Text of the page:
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There are other sections of roads in the park that follow their wartime course, but yes, there has been a lot of adjustments, if you will, including by Thompson himself. And some wartime roads ("paths" is probably more accurate) aren't even there anymore, even as traces.  Some of them were still there when the park was first created, but are now completely gone. The two guesses that Hank and Jim made - the Corinth Road and Beauregard Road, look similar to that picture of the Hamburg-Savannah Road in stretches, and follow their respective wartime routes. 

I kind of doubt that the Hamburg-Savannah Road was unintentionally left intact though. If Thompson had felt it needed straightening or curving somewhere, it would have happened. But most visitors to the park still arrived via the Tennessee River up until about the 20's or early 30's, and I'd guess that then as now, the River Road didn't see a lot of visitor traffic. So there probably wasn't much point in making any significant changes. 

On Route 22, I don't believe it follows any historic route, no, at least north of the park. The "old" Highway 22, prior to the modern-day version opening in the early 60's I think it was, followed the Main Corinth Road through the park. A point that board member C.D. Rickman made during the anniversary weekend when the subject came up. C.D. said that locals referred to the new highway as the "bypass," and I think he added that long-time residents still do.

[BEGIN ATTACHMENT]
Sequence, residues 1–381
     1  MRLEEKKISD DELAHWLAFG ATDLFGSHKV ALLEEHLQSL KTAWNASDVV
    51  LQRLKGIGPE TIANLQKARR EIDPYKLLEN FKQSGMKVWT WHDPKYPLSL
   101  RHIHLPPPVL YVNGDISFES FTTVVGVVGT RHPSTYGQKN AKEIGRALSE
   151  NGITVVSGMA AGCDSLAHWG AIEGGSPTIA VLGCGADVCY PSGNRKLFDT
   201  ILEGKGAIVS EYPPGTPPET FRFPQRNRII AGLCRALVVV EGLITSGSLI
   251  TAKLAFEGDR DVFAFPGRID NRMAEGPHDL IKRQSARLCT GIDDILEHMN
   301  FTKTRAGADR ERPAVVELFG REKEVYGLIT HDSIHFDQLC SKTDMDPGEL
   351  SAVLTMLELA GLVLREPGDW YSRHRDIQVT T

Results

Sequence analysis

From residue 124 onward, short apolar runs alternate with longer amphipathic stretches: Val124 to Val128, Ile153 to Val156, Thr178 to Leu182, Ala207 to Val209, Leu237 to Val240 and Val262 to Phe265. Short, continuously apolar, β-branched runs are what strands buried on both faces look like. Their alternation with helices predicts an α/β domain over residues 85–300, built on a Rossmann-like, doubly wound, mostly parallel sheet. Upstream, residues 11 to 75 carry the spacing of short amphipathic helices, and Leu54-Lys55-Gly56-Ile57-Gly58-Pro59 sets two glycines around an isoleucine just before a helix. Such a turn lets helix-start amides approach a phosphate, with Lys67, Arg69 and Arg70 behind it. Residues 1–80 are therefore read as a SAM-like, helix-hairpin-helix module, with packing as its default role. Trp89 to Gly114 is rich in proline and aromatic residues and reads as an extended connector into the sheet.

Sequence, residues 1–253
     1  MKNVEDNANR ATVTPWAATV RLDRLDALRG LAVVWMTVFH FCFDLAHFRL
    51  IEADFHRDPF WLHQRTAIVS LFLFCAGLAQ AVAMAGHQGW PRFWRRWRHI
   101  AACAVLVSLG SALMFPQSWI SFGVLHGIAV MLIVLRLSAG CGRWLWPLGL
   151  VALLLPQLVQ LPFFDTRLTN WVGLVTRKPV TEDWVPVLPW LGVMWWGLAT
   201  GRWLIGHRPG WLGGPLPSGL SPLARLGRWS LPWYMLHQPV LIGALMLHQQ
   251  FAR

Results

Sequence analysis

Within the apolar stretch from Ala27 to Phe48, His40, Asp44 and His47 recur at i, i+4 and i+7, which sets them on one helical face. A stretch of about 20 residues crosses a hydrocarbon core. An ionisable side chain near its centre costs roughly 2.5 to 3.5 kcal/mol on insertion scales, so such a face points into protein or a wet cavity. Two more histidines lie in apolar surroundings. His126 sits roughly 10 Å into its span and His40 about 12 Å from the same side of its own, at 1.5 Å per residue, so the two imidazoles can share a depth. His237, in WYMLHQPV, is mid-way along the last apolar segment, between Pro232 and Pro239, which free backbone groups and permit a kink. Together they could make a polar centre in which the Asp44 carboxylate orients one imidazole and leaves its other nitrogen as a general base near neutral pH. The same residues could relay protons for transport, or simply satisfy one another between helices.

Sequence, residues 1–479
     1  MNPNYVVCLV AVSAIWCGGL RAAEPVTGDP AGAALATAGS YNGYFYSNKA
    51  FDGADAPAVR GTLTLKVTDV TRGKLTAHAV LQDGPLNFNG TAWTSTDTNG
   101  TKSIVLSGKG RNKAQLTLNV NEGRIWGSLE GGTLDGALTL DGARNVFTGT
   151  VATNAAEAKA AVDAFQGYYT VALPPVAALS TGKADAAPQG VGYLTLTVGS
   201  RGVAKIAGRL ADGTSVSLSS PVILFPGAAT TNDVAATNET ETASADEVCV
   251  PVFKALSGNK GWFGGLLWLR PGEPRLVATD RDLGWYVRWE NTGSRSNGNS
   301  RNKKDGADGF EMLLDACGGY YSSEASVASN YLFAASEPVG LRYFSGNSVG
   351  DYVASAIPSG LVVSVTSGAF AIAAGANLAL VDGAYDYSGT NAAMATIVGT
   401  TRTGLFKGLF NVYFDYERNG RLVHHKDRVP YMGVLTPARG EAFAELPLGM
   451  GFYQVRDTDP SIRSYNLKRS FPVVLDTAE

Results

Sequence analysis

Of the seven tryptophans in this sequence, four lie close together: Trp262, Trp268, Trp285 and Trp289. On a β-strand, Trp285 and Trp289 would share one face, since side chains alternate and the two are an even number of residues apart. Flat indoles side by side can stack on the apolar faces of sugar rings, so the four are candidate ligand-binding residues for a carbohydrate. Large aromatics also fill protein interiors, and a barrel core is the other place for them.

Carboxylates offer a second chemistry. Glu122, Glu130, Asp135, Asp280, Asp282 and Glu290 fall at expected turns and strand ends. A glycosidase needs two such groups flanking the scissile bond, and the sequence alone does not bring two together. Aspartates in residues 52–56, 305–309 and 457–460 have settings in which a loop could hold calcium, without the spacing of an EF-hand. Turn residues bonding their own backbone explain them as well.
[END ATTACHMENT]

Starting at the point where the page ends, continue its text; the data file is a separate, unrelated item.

Perry

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As regards the improvement of roads leading into the park... I would suggest prior to 1920 the bulk of Northern visitors arrived at Shiloh NMP by steamer. Southern visitors (predominantly those who lived nearby) probably arrived at the Park by wagon or motorized vehicle; but until the road from Corinth was reliably improved, I would suggest the majority of all visitors (travelling more than 100 miles to reach the site of the Battle) arrived by boat. [Which is part of the significance of that 1927 photo taken at Florence, Alabama of the Tennessee Belle. I imagine some of the Shiloh Veterans aboard her arrived at Florence by train.]

http://steamboats.com/museum/davet-photos7.html  Dave Thompson Collection, top image page 7.

No proof... just a theory

Ozzy

 

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From my previous reply:

"But most visitors to the park still arrived via the Tennessee River up until about the 20's or early 30's"